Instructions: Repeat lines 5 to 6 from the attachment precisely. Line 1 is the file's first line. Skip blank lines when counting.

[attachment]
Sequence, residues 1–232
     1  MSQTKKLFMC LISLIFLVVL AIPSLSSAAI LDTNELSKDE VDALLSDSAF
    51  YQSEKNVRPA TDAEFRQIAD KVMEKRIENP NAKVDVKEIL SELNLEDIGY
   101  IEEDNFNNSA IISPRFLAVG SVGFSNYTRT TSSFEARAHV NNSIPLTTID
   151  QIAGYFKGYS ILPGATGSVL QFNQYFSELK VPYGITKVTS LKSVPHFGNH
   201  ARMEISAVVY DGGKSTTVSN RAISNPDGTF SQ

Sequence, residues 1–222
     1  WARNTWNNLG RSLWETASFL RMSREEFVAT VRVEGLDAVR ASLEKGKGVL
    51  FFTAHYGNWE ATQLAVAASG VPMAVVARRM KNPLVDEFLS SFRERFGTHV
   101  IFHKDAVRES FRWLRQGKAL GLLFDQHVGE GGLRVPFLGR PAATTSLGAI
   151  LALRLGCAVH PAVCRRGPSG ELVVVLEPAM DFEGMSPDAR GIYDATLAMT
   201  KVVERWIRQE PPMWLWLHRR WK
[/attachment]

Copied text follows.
   151  QIAGYFKGYS ILPGATGSVL QFNQYFSELK VPYGITKVTS LKSVPHFGNH
   201  ARMEISAVVY DGGKSTTVSN RAISNPDGTF SQ